Consider Cleary s treatment of this novel s eponymous moniker, despised by Ramona Ramona did not consider herself a pest People who called her a pest did not understand that a littler person sometimes had to be a little bit noisier and a little bit stubborn in order to be noticed at all Highly recommended.
Oh the dawnzer lee light I literally laughed the entire first chapter, remembering it being read to me as a kid at some point Then I wondered the entire last chapter how it was that Ramona got away with not going to school Her mom must have really had an interesting conversation with someone to make that happen Still holds up Again, a few cultural gender norm issues, but nothing that s beyond what you d expect for a book of this era boys do this and wear that, the gypsy costume mention for Halloween nothing like Little House on the Prairie.
I read this book out loud with my middle child the currently 5 year old Gwennie.
So Gwennie, what did you think Gwennie Great Dad How many stars should I give it G Uhhhhhh 4 D Why 4 G Uhhh 4 4.
4 Because I liked it a little.
D What did you like about it G I liked abouuuuuuut it When she Uh Kindergarten Drop Out.
D That was your favorite part Gwennie nods D Tell me about something that happened in the book, but it can t be something that happened today G What What did you say I don t remember what you said Said Said Said Said G W E N That spells Gwen.
D Gwennie, this is what I said tell me about something that happened in the book, but it can t be something that happened today.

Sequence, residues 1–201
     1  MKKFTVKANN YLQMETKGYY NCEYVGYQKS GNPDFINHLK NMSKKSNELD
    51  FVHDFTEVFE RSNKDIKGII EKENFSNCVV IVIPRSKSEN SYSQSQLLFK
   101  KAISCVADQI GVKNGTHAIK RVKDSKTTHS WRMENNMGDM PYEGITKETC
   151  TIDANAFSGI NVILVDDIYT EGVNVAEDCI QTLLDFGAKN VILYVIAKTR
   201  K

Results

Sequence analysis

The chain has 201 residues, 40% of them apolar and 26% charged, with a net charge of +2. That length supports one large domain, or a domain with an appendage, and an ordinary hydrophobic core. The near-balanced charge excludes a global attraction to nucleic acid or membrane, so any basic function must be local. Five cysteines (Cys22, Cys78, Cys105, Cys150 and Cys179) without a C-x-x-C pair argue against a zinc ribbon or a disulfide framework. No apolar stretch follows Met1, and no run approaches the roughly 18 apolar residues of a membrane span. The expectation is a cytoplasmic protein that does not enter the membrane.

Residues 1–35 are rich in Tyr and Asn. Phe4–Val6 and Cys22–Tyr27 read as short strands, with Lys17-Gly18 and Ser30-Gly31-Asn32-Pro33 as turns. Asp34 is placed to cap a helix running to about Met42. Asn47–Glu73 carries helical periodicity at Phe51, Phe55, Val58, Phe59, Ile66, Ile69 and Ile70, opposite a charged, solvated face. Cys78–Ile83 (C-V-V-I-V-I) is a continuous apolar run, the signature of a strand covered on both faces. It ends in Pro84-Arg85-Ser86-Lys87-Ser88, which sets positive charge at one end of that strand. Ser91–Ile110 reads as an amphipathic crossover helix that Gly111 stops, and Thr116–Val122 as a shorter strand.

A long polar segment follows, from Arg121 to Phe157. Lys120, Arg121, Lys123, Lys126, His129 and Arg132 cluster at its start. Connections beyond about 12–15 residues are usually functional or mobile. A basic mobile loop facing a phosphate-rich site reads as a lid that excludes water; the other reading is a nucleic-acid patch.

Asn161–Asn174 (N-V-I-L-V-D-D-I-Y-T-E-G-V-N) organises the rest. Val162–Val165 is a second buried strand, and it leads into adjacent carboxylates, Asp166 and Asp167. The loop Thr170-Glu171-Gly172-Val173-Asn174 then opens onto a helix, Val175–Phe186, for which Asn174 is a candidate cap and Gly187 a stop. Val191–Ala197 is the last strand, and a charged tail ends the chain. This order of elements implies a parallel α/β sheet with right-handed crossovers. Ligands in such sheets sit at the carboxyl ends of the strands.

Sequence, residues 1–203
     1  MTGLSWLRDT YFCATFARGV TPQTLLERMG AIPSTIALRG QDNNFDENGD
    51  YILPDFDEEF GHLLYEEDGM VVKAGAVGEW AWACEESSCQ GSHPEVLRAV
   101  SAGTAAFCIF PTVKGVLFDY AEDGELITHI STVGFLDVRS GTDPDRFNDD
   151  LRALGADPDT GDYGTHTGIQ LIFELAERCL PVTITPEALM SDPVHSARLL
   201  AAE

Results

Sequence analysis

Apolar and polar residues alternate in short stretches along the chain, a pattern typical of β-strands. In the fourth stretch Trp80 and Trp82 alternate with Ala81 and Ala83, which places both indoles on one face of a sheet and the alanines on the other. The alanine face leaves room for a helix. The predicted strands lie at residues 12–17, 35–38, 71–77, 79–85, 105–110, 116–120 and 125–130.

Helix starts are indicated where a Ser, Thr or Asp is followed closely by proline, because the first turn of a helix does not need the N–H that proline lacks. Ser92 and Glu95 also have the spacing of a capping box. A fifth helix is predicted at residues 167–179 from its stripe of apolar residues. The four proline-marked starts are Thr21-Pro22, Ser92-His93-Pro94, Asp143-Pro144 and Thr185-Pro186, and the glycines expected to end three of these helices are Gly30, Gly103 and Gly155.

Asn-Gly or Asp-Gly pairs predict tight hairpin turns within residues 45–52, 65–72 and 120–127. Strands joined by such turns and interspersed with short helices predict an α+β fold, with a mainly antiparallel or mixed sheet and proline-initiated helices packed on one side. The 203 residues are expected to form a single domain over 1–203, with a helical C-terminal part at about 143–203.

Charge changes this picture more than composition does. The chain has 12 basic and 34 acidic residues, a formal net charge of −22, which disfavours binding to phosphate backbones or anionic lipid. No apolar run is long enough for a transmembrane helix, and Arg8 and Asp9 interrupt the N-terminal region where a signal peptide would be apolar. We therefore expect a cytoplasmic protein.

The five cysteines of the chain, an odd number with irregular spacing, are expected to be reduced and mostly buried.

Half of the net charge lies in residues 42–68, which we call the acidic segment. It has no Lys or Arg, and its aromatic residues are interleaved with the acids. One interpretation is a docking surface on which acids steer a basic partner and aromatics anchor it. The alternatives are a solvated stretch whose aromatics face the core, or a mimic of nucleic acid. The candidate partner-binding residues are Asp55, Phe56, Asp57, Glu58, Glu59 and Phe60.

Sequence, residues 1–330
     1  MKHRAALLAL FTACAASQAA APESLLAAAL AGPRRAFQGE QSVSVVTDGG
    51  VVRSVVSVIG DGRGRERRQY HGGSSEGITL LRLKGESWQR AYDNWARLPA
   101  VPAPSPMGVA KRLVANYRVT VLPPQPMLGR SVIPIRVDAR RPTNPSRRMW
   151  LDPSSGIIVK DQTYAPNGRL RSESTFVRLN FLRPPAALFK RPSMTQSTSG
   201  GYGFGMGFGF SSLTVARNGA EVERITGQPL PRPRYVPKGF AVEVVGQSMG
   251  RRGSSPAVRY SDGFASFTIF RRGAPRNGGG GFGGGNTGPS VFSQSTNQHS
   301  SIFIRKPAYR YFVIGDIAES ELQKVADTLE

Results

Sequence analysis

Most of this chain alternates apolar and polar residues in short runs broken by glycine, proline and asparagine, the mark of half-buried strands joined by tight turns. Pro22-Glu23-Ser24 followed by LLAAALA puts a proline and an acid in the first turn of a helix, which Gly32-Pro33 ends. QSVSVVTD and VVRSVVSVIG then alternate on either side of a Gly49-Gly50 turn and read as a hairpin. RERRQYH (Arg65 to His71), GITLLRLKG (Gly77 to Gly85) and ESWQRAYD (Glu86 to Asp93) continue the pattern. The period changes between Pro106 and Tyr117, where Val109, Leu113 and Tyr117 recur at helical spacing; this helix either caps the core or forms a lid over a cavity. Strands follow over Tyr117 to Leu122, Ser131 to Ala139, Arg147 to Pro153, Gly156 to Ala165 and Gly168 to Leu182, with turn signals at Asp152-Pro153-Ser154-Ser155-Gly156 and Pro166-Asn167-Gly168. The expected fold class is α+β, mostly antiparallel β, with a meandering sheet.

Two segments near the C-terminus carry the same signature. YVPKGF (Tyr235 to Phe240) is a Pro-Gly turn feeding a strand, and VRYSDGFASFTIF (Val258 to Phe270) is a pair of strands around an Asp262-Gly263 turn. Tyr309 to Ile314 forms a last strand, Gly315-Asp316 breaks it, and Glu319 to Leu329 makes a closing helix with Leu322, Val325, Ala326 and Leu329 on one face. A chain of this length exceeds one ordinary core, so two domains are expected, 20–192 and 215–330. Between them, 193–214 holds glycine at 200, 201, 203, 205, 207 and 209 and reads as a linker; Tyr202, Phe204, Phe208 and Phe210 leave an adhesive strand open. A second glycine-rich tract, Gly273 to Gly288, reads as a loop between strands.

G When her tooth fell out.
D Where did that happen G It happened ooooonnnnnnn chapter 7 D But where Where was she G Oh She was at school.
D Yesterday you told me your favorite part was something else Do you remember what you told me yesterday G I don t remember What did I told you yesterday Blah Blah blah blah blah etc ad infinitum D Here s a hint I m the G OH YES THE BADDEST WITCH IN THE WORLD D Did you like that part G Oh yes I LOVED that part Even than you, I loved that part.
D Do you mean that you loved that part than I loved that part, or do you mean you love that part than you love me G I don t know What Oh Oh oh oh I loved the part than you loved the part.
D Do you love the Ramona book than you love your dad G Laughs No I love you , Daddy.
D Smiles G Starts singing a mix of Twinkle Twinkle Little Star, the Alphabet song and Frozen songs.
D Is there anything else I should add to this review G You should add Gwennie, Gwennie, Gwennie, Gwennie.
D I mean, why should people read this book G Because it s good D Good enough for me.
I just reread this as part of an informal Ramona will save us, as she always has book group with a friend It is, by no accident, the one I reread most as a kid, in which Ramona begins school, has an actually lovable teacher, and decides to drop out after determining said teacher doesn t love her Somebody please, like, knight Beverly Cleary The woman aspires to sainthood.
Although I should probably regret the fact that I relate this much to a five year old, I continue to take comfort in the commonalities, as long as the five year old in question is my girl, Ramona Quimby.